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The evolutionary ecology of interactive synchronism: the illusion of the optimal phenotype

Abstract

In this article, we discuss some ecological-evolutionary strategies that allow synchronization of organisms, resources, and conditions. Survival and reproduction require synchronization of life cycles of organisms with favourable environmental and ecological features and conditions. This interactive synchronization can occur directly, through pairwise or diffuse co-evolution, or indirectly, for example, as a result of actions of ecosystem engineers and facilitator species. Observations of specific interactions, especially those which have coevolved, may give the false impression that evolution results in optimal genotypes or phenotypes. However, some phenotypes may arise under evolutionary constraints, such as simultaneous evolution of multiple traits, lack of a chain of fit transitional forms leading to an optimal phenotype, or by limits inherent in the process of selection, set by the number of selective deaths and by interference between linked variants. Although there are no optimal phenotypes, optimization models applied to particular species may be useful for a better understanding of the nature of adaptations. The evolution of adaptive strategies results in variable life histories. These strategies can minimize adverse impacts on the fitness of extreme or severe environmental conditions on survival and reproduction, and may include reproductive strategies such as semelparity and iteroparity, or morphological, physiological, or behavioural traits such as diapause, seasonal polyphenism, migration, or bet-hedging. However, natural selection cannot indefinitely maintain intra-population variation, and lack of variation can ultimately extinguish populations.

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The Devil in the Deep: Expanding the Known Habitat of a Rare and Protected Fish

Abstract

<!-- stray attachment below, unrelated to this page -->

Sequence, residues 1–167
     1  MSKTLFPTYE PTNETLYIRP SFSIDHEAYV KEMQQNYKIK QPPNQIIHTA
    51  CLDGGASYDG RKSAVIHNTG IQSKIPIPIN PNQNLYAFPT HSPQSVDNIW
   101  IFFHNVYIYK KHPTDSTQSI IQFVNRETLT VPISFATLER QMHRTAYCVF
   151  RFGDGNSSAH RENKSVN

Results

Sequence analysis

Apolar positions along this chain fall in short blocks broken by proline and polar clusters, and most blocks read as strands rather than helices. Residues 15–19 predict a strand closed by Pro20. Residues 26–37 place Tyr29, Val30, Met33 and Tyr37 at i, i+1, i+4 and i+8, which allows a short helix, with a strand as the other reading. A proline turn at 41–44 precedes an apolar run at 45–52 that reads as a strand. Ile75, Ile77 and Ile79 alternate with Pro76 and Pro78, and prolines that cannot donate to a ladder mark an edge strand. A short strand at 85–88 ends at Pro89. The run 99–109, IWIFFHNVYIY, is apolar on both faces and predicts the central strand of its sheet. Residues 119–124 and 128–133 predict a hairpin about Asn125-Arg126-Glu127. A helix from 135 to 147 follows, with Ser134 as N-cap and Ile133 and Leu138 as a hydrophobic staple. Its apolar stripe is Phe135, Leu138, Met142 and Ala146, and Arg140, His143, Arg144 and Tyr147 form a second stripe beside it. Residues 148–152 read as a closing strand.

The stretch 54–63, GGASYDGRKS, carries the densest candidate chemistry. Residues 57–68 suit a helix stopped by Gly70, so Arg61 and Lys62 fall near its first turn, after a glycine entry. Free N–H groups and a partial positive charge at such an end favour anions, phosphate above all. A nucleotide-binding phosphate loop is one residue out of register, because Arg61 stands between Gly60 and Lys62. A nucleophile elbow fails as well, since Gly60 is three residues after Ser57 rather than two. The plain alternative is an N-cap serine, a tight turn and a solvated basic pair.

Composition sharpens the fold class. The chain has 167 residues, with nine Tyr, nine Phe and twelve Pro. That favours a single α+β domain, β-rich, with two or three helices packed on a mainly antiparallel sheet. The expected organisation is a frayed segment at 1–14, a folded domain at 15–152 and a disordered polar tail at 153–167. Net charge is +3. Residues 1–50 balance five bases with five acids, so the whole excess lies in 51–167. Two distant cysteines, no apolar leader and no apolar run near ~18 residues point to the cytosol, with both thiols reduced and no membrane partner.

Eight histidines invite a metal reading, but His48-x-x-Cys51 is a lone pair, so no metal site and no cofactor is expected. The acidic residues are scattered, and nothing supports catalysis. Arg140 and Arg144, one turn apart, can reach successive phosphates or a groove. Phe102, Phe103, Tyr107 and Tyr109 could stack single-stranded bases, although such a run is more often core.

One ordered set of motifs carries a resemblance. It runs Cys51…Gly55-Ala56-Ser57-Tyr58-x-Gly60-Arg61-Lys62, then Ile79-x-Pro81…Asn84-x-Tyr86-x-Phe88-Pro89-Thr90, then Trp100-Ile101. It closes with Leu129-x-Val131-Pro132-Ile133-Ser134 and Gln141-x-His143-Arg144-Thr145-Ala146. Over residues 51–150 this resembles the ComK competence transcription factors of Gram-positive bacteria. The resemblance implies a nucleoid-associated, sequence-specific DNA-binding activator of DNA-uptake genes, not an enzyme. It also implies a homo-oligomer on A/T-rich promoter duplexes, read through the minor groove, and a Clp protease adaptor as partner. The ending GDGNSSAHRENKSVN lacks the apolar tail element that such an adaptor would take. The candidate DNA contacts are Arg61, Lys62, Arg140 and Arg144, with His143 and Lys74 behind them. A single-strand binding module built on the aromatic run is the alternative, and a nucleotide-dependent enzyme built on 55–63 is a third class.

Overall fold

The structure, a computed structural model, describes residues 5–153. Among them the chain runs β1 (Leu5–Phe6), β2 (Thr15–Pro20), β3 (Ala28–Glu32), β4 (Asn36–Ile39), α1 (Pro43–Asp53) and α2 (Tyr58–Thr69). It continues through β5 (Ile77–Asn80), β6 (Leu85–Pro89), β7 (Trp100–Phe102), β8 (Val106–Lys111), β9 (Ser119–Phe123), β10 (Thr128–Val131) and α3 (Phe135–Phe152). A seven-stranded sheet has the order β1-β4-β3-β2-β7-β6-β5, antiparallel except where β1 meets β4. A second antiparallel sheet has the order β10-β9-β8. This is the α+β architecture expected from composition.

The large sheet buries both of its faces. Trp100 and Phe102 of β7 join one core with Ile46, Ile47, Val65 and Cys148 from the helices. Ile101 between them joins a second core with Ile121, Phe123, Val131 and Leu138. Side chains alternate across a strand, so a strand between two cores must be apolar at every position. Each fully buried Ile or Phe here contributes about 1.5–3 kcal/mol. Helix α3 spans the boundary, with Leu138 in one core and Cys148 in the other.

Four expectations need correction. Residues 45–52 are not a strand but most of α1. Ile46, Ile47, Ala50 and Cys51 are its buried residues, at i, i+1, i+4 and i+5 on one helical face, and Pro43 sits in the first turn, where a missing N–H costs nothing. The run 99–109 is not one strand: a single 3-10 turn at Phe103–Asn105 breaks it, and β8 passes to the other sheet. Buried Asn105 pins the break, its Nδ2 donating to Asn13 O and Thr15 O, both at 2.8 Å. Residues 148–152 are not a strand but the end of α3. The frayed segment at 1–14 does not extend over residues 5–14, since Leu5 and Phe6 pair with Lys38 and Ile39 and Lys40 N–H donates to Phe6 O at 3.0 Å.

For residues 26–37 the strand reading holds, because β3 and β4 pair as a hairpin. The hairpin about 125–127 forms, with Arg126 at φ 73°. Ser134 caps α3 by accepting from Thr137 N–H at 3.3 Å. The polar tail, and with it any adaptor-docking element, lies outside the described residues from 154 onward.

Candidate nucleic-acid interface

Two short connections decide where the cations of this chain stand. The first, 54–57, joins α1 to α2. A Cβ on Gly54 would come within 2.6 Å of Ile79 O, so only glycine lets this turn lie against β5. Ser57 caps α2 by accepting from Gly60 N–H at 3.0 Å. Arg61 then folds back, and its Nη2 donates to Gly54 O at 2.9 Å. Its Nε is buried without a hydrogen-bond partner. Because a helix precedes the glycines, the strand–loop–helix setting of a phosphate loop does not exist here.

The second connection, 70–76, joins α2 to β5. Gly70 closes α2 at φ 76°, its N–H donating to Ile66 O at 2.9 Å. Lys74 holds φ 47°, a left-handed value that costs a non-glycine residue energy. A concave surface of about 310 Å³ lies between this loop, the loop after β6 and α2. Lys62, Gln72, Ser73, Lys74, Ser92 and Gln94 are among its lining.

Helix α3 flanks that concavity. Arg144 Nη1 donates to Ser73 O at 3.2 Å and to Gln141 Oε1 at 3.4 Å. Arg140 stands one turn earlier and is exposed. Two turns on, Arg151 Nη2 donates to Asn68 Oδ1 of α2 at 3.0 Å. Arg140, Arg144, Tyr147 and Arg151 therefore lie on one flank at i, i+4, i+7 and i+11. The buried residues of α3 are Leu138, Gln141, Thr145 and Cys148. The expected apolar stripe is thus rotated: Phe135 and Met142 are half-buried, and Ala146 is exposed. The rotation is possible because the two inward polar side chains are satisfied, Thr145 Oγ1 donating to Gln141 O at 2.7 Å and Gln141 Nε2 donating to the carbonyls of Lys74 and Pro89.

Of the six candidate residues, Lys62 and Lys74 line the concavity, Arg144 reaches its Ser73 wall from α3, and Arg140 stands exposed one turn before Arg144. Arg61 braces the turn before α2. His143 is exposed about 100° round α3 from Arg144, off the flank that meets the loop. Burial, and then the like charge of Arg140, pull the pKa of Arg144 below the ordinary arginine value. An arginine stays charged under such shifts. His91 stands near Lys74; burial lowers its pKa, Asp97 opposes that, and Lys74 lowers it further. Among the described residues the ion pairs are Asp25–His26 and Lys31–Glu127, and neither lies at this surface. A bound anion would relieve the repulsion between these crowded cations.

The accepted geographic range of a species is related to both opportunity and effort in sampling that range. In deepwater ecosystems where human access is limited, the geographic ranges of many marine species are likely to be underestimated. A chance recording from baited cameras deployed on deep uncharted reef revealed an eastern blue devil fish (Paraplesiops bleekeri) at a depth of 51 m and more than 2 km further down the continental shelf slope than previously observed. This is the first verifiable observation of eastern blue devil fish, a protected and endemic southeastern Australian temperate reef species, at depths greater than the typically accepted depth range of 30 m. Knowledge on the ecology of this and many other reef species is indeed often limited to shallow coastal reefs, which are easily accessible by divers and researchers. Suitable habitat for many reef species appears to exist on deeper offshore reefs but is likely being overlooked due to the logistics of conducting research on these often uncharted habitats. On the basis of our observation at a depth of 51 m and observations by recreational fishers catching eastern blue devil fishes on deep offshore reefs, we suggest that the current depth range of eastern blue devil fish is being underestimated at 30 m. We also observed several common reef species well outside of their accepted depth range. Notably, immaculate damsel (Mecaenichthys immaculatus), red morwong (Cheilodactylus fuscus), mado (Atypichthys strigatus), white-ear (Parma microlepis) and silver sweep (Scorpis lineolata) were abundant and recorded in a number of locations at up to a depth of at least 55 m. This underestimation of depth potentially represents a large area of deep offshore reefs and micro-habitats out on the continental shelf that could contribute to the resilience of eastern blue devil fish to extinction risk and contribute to the resilience of many reef species to climate change